I think goals are important for a writer. But they can’t be too big. You can’t sit down to work on a chapter with the goal of “Get Published.” It needs to be broken down into something smaller, manageable, achievable. Finish this scene. Write 100 words. Plan this chapter from start to finish.
My bookThe time has come for me to change my writing goals. After I finished my first novel, I wrote to lots of agents and publishers and took everything one step at a time. Then, one day, I was holding a copy of my own book in my hands. But it didn’t stop there, of course. As I grew older, got a “proper job” (writing is not my job, unfortunately), moved to my own house and gained different responsibilities, my writing methods had to change. So a couple of years ago I set myself a goal of writing for at least 10 hours every week. I made a log of how long I wrote for each day, which was motivational in itself. Most weeks, I either hit or surpassed the target, rarely ever lagging behind. This continued on for over a year. Breaking it down into this goal of writing on average little more than an hour a half a day (minimum) was manageable – I usually felt good because I usually achieved it.

The, for one reason or another, I stopped. I didn’t have a goal, and before I knew it almost another year had passed, and I had barely written anything. So that was when I set myself a new task – to start this blog, the tagline of which is “Notes on writing, reading, inspiration and motivation.” I wanted to create something that would motivate me, and hopefully others, into persevering and continuing to do what they love. I know that sounds strange – if you love to write, surely you don’t need anything external to motivate you. Well yes, that is true. But when the thing you love is as complex and as easy at the same time as writing is, there are lots of other factors that go along with it. Factors that don’t always act separately from the core of your work.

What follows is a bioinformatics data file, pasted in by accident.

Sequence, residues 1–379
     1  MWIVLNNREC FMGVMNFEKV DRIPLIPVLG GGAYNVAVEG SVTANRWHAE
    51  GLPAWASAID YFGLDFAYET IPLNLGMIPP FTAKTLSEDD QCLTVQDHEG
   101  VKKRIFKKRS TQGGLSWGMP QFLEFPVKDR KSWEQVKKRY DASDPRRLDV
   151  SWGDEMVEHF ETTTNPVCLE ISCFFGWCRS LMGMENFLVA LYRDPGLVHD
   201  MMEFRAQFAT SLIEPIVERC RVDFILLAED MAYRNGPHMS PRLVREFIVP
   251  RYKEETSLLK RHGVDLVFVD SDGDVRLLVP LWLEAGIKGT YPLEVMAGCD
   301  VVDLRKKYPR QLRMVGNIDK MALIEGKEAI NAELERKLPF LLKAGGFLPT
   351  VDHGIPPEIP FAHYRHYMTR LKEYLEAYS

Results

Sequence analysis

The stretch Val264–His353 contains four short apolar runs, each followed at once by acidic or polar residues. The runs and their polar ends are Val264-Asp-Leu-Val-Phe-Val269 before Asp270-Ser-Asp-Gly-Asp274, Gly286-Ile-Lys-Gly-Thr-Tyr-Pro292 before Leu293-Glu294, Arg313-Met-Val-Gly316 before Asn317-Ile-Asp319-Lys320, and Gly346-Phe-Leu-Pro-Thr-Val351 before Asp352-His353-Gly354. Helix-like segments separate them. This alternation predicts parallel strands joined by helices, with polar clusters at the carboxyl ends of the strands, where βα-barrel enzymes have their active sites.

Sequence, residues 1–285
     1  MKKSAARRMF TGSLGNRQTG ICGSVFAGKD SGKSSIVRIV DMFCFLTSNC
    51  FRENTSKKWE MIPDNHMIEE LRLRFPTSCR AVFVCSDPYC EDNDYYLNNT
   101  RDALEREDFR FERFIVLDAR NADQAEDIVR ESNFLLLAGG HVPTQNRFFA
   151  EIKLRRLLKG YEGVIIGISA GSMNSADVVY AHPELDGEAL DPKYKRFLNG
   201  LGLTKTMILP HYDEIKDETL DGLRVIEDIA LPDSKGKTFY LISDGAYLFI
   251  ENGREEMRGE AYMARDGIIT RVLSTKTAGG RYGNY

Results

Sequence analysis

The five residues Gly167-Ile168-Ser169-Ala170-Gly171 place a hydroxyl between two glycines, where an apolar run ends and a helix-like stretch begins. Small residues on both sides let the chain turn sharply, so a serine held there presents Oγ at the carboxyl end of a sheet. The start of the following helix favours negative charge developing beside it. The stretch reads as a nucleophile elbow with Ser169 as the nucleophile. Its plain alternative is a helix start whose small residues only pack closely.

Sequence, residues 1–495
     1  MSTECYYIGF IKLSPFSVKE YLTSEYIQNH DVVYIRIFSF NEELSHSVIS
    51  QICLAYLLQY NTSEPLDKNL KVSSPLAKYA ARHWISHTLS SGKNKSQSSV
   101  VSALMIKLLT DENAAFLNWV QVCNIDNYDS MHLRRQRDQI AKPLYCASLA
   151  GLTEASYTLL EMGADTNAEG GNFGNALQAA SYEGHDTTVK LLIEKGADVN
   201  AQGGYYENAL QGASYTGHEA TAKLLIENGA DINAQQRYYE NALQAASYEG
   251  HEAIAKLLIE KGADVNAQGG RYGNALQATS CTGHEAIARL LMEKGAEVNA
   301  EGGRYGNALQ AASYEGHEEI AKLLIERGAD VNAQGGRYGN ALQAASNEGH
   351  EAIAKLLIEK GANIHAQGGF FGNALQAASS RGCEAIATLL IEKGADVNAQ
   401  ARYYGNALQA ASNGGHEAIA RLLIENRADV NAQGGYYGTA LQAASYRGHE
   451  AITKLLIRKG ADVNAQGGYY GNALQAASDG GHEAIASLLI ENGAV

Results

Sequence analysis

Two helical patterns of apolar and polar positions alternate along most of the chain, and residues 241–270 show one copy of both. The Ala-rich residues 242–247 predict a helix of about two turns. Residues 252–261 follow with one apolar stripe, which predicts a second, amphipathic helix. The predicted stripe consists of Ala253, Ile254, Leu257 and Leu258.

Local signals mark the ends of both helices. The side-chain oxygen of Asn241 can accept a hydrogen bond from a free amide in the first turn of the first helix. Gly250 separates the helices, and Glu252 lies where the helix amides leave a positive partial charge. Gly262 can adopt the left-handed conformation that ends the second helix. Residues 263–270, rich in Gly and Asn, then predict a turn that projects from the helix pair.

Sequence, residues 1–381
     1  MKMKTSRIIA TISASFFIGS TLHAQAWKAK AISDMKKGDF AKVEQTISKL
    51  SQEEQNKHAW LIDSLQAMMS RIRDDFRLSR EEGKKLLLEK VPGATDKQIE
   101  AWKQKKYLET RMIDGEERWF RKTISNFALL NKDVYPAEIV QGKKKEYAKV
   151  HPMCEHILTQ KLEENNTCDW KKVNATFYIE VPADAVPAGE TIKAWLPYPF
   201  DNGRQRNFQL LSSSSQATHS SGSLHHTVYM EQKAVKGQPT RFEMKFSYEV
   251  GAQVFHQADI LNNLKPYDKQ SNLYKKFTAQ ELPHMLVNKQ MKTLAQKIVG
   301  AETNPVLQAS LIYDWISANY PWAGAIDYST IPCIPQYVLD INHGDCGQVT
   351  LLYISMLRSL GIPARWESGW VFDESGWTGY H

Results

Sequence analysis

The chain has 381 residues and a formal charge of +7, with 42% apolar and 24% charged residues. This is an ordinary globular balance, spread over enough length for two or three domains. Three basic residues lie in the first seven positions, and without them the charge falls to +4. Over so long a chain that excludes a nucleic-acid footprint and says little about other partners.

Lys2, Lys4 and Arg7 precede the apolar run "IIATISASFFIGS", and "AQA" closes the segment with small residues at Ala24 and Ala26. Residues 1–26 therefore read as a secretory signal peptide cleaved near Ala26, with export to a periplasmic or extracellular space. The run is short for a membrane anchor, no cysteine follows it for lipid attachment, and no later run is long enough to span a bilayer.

The order of those four words in the tagline is no accident.Stephen King

  • Talking about writing techniques (your own and those of others) can help me understand it better
  • Reading. What writer doesn’t love to read? If you don’t, I think you’re doing something wrong. The posts I write about books and influential authors tell me its ok to allocate time for reading as well as for writing. Both are pleasures, neither are chores
  • Understanding the roots of inspiration (as much as it is possible to, at least) helps me to grasp it before it disappears. Often it can be nothing more than a tiny spark in a jumbled sea, which can slip away all too easily
  • Motivation comes from all of these things. Knowing more about processes, understanding your own personal tastes, methods, likes and dislikes can help push that spark of an idea forward. The words will maybe, hopefully, flow better. When the words flow, it makes you want to continue

It has taken a while to get to this point, but that’s ok. Writing this blog has become an established part of my life – I really like doing it, and I have learned a lot. I have learned that there are so many people out there just like me, with the same hopes, problems and desires. I have learned that the reasons I have just outlined for starting this blog are not only valid, they are actually much bigger and more relevant that I ever thought they were when I first created it. I have learned that there are valuable resources out there for writers, whether you write for pleasure or with the ultimate aim to become published, if you just take the time to look. Hopefully A Writers Notebook is now one of them.

So, what next? I think I’m going to go back to an old goal, which is to write for at least ten hours a week, and perhaps up it to fifteen if all goes well. One important thing to remember about goals is to evaluate them, and change them if you need to, or if they don’t work as they are. Break big ones down into small ones. I will need to sit down with a diary and work out when my best times for writing till be – things have changed a lot since I did this last. I can barely believe it myself, but I actually used to get up and leave for work early and sit in the car park outside, writing in my notebook for 45 minutes before going in. That isn’t really possible anymore; not every day at least. Now, due to other commitments, every writing day will probably be slightly different from the last. It doesn’t really matter how I do it. It’s the goal that counts.

Do you have any writing goals? How do you make sure you achieve them?


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